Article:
Drug application

The open cranial window was filled with a modified synthetic interstitial fluid (SIF) containing (in mM) 135 NaCl, 5 KCl, 1 MgCl2, 5 CaCl2, 10 glucose and 10 Hepes [36]. Stock solutions of capsaicin, capsazepine, anandamide, NADA and the CB1 receptor antagonist AM 251 were prepared. Capsaicin (32 mM) and capsazepine (1 mM) were dissolved in saline containing 6 % ethanol and 8 % Tween 80, stock solutions of anandamide (14 mM), NADA (11 mM) and AM 251 (10 mM) were prepared with ethanol. Before the experiment drugs were further diluted with SIF to their final concentration.

At the beginning of the experiments the blood flow increasing effect of capsaicin (100 nM) was measured, then anandamide or NADA were applied at increasing concentrations (anandamide 100 nM, 1 μM and 10 μM, NADA 10 nM, 100 nM and 1 μM). To minimize the desensitizing effect of repeated vanilloid applications, in this series of experiments drugs were applied for 3 min.

To determine the contribution of TRPV1-receptors and the role of CGRP in the endovanilloid-induced changes in meningeal blood flow, the TRPV1-receptor antagonist capsazepine (10 μM) or the CGRP-receptor antagonist CGRP8–37 (100 μM) were applied onto the exposed surface of the dura mater, respectively. Five min later, NADA (100 nM) was administered for 3 min. In capsaicin-desensitized animals meningeal blood flow changes induced by the topical application of capsaicin (100 nM) and NADA (100 nM) were determined. In control and capsaicin-desensitized animals histamine at 10 μM was applied onto the dura mater for 3 min after completion of the measurement of the vanilloid-induced blood flow changes. To study the role of CB1 receptor activation on endovanilloid-induced meningeal vasodilatation, the effects of anandamide (10 μM) administrations were tested before and after CB1 receptor antagonist AM 251 (100 μM) application for 5 min. In some experiments the vasodilatory effect of anandamide (10 μM) was tested also after blocking both CB1- and CGRP receptors with pre-treatment of the dura mater with AM 251 (100 μM) and CGRP8–37 (100 μM).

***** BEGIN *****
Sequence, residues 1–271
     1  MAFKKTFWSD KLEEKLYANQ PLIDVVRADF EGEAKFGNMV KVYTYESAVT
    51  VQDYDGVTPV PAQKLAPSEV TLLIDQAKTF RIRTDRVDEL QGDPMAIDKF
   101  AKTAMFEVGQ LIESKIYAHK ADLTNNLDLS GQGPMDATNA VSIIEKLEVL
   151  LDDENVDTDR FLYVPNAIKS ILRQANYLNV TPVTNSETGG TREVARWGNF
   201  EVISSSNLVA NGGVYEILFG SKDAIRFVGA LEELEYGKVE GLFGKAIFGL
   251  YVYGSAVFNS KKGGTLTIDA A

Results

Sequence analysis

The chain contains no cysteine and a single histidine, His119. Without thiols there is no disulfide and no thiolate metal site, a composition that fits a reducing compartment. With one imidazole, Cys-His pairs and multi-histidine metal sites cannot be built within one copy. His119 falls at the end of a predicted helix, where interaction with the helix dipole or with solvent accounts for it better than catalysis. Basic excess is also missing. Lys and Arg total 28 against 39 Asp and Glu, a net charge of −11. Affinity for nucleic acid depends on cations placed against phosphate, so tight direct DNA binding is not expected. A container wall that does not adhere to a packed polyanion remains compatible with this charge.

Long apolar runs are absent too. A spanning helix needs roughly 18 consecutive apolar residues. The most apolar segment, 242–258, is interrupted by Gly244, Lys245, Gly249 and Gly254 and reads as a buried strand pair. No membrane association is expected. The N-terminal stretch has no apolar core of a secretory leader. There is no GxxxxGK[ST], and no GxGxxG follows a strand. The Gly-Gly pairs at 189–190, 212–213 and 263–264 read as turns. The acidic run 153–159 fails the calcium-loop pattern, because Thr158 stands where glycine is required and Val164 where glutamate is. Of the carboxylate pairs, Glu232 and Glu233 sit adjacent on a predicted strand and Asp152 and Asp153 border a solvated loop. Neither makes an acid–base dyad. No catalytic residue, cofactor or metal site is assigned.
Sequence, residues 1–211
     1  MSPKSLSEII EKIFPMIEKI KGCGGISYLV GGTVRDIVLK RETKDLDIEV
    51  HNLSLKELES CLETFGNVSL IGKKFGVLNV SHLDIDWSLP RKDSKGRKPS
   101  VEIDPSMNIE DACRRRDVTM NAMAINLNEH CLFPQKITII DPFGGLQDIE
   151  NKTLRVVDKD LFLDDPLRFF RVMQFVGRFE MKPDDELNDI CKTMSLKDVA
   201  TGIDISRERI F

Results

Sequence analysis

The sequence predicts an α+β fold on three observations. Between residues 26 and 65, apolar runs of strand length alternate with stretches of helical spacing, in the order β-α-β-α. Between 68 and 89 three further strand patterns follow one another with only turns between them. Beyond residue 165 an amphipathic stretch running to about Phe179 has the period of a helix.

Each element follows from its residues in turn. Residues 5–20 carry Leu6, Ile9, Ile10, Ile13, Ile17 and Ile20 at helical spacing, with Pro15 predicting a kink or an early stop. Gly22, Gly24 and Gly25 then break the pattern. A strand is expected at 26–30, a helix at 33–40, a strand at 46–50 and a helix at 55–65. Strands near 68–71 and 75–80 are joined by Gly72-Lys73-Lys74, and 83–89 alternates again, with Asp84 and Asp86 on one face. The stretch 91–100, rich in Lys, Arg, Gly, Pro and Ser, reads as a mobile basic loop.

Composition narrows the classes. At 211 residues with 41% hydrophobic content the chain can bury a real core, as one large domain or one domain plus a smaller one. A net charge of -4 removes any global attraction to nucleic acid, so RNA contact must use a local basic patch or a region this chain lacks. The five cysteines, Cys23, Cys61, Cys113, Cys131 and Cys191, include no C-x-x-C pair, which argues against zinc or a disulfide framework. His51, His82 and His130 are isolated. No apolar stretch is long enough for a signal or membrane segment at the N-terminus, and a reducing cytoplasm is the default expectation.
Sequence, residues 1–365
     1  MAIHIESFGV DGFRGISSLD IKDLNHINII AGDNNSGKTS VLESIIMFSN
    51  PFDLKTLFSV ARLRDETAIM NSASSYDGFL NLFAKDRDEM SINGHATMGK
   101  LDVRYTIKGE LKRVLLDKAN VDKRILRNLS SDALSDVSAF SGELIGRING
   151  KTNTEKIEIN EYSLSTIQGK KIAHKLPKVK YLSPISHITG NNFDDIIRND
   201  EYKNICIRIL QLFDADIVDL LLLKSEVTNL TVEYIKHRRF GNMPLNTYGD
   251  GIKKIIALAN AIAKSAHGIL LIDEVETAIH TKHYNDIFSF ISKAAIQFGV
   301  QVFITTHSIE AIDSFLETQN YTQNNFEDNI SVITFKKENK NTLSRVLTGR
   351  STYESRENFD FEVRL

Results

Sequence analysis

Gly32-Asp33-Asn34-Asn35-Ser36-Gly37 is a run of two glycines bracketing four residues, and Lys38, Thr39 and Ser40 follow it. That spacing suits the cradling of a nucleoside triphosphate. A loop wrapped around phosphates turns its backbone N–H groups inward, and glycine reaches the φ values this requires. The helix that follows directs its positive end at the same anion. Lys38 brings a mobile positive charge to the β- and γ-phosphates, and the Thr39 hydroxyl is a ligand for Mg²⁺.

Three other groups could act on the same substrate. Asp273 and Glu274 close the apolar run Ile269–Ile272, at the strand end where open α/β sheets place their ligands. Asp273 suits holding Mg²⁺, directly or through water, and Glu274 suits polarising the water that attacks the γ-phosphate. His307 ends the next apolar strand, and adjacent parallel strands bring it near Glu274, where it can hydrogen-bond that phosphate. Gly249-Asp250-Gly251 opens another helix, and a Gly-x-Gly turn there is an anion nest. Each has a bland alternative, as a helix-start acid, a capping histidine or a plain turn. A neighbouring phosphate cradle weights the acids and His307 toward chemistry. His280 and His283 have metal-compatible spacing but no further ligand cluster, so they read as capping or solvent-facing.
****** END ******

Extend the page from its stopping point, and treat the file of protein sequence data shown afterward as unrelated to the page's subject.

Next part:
Anandamide, NADA and AM 251 were purchased from Tocris Bioscience (United Kingdom), all the other drugs from Sigma-Aldrich Chemie Gmbh (Germany).

Measurement of dural blood flow and evaluation of data

Meningeal blood flow was recorded on-line with a needle type probe of a laser Doppler flowmeter (Perimed, Sweden) over branches of the middle meningeal artery. To minimize flow signals from the cortical blood vessels, recording sites lying distant from the visible cortical blood vessels were chosen. Under these circumstances, changes in the laser Doppler signal almost exclusively reflected the changes in meningeal blood flow [35]. Meningeal blood flow (measured in perfusion units, PU), systemic blood pressure and body temperature were stored and processed with the Perisoft program (Perimed, Sweden). The basal blood flow was the mean flow value measured during a 5-min period prior to drug application. The percentage changes induced in the blood flow by topical applications of capsaicin, endovanilloids and histamine were determined as mean flow values relative to the basal blood flow, calculated as average for the 3 min application periode. The effects of TRPV1-, CGRP- and CB1-receptor antagonists on the endovanilloid-induced blood flow changes were determined by comparing the changes in blood flow in response to NADA before and after the application of the respective antagonist(s).